Originally Answered: How to discipline 16 month old son hitting everybody?
Oh my goodness! Where to begin... First off, from one mother to another and being a preschool educator, please do not follow the advise from others that is listed here!!!
Your son is only 16 months old, he does not have a fully formed brain, and therefore does not retain information about so called "consequences". Everything that I have seen listed here so far is punishment, not a consequence. Children this young should not be punished. They should be redirected.
There is only one true answer to why children hit when they are this young. They want something. Whether it is a toy, or your attention, they will be the judge of that. It is called a mistaken goal. Your child does not have the words to say that he wants a turn with something (nor would he want to wait) or to tell you that he wants your undivided attention.
As an example: when you are playing with your son and the phone rings, do you get up and answer it? If so, what you are teaching him is that the phone is more important than he is. I bet that is a time when he starts hitting or getting really loud. When you were sharing yourself with only him, it made him feel great. But as soon as you walked away the attention was gone and he wanted it back. It is a pattern that your child will learn very early and very quickly. Your child will feel unimportant and inadequate. It is interesting how something so simple can be so complex.
Telling our children "NO!" is a big no no. What do you think he is going to start saying in about 1-3 months, repeatedly? "No" will loose all meaning to him, it will become a white noise.
When you see your son hitting another child, I encourage you to go over to him and ask him what it is that he wants. You may be surprised- cause I bet that he will point to an object or to you. If he doesn't point, you may want to point to whatever it is that the other child is playing with and ask him if he wants a turn playing with it. Tell him that they can both share the toys, and right now the other child is taking their turn, but he can play with it in two minutes. Also tell him that when he hits, it hurts other people, it feels "ouchy" (or what ever you say when you get hurt). Do not force your child to say that they are sorry, because you will be teaching them to lie if they are not truly sorry. You can ask your kid if he would like to apologize to the other person, and teach him that when you feel bad for doing something to someone else- or when you hurt them- it helps make them and you feel better to say that you are sorry.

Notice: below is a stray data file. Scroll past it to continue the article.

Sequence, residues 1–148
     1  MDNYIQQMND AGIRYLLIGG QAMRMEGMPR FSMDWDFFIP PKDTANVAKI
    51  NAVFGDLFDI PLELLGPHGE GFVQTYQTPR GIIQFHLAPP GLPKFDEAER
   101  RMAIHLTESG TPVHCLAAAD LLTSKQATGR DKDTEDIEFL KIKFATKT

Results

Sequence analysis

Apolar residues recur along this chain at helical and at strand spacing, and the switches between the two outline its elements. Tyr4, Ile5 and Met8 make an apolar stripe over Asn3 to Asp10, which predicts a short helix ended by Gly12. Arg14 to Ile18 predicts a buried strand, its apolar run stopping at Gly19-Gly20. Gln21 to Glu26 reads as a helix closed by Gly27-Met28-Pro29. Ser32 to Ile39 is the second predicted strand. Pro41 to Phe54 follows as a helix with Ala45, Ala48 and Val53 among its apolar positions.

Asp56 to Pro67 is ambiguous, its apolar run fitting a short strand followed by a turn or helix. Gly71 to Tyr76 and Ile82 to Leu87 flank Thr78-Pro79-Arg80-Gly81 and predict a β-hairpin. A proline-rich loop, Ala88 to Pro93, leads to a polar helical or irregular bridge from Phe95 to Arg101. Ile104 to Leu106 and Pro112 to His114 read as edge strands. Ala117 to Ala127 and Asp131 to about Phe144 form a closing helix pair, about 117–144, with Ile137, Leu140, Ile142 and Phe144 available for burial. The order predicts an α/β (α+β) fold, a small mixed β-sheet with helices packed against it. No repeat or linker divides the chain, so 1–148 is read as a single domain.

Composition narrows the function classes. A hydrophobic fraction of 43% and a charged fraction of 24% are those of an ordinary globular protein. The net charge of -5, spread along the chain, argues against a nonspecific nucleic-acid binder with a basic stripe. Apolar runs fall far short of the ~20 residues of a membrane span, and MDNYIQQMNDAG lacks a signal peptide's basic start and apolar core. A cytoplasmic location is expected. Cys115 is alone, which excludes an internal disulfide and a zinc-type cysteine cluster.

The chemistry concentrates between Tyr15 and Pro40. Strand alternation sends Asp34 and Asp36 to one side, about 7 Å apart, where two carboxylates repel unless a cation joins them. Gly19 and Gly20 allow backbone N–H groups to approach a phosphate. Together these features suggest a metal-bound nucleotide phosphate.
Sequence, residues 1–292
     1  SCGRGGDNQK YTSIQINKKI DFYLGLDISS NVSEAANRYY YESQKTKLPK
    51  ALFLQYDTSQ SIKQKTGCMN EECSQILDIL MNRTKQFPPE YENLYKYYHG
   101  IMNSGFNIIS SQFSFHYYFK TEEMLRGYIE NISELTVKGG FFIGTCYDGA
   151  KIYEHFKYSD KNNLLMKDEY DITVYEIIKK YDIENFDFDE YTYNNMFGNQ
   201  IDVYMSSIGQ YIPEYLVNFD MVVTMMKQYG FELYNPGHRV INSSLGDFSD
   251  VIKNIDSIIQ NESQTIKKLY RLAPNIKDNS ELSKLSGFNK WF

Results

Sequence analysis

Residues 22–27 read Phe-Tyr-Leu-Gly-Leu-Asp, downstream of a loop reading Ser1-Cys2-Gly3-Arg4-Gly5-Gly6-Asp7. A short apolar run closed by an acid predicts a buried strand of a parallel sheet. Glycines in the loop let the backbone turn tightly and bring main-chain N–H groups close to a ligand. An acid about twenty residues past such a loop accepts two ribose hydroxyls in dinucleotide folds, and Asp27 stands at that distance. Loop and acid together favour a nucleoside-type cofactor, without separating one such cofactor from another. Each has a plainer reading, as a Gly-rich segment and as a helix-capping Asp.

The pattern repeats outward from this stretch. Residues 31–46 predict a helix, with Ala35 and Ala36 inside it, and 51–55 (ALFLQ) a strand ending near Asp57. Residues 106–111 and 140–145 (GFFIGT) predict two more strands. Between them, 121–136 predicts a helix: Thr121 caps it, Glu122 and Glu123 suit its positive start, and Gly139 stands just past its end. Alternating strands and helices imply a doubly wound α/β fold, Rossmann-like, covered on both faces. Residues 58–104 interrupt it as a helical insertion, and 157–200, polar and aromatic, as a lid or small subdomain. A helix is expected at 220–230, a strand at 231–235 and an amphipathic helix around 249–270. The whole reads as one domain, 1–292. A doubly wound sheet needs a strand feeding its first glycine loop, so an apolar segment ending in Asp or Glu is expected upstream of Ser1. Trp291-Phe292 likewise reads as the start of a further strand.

When your child hits you I suggest that you put on the biggest pouty face you can muster, and act like you are going to cry. You can say your "ouchy" word and use your own words to let your child know that they hurt you. If the message does not get through by using body language and simple words, calmly walk away and let them know that you are going somewhere where you can keep your body safe because it hurts when you get hit. Also, as an adult you can take what is called a positive time out. You can tell your child that you are really sad, hurt, or frustrated, and that you need a time out. Also, I do not suggest that you hold your child's hands in a binding manner to get him to stop hitting you. I urge you to teach your child about soft touches that feel good. When you are handing him a toy, brush up against his arm gently. When he hands you a toy, touch his hand softly.
While re-reading your description of contributing factors to this issue, a thought popped into my head. It sounds like your son is being incredibly territorial, and it also sounds like you may need to spend more time down on the floor playing with his toys with him. I'm not saying that you don't because I don't know- but maybe if you did more, it could help.
You are a great mother. Don't get discouraged by what other people say. They should be minding their own business anyhow, and I am sure that the only reason why they are saying anything at all is because that is how their child acted, if not 10 times worse. I understand that motherhood can be frustrating, and no one is an expert at it. But, we as mothers (and fathers) do our darndest. Smother your baby in love and encouragement. And remember that he is just that- a baby. If he continues this behavior after he turns 6 years old, then you might want to be concerned. But for now, you have a completely normal child. :o)
I strongly urge you to pick up a copy of "Positive Discipline For Preschoolers" by Jane Nelsen, Cheryl Erwin, and Roslyn Ann Duffy. Also, please look at a copy of the Mistaken Goals Chart, I believe it will help you further understand: www.creducation.org/resources/Mistaken_G... (it will open in Microsoft Word)
Best of luck to you and your little boy!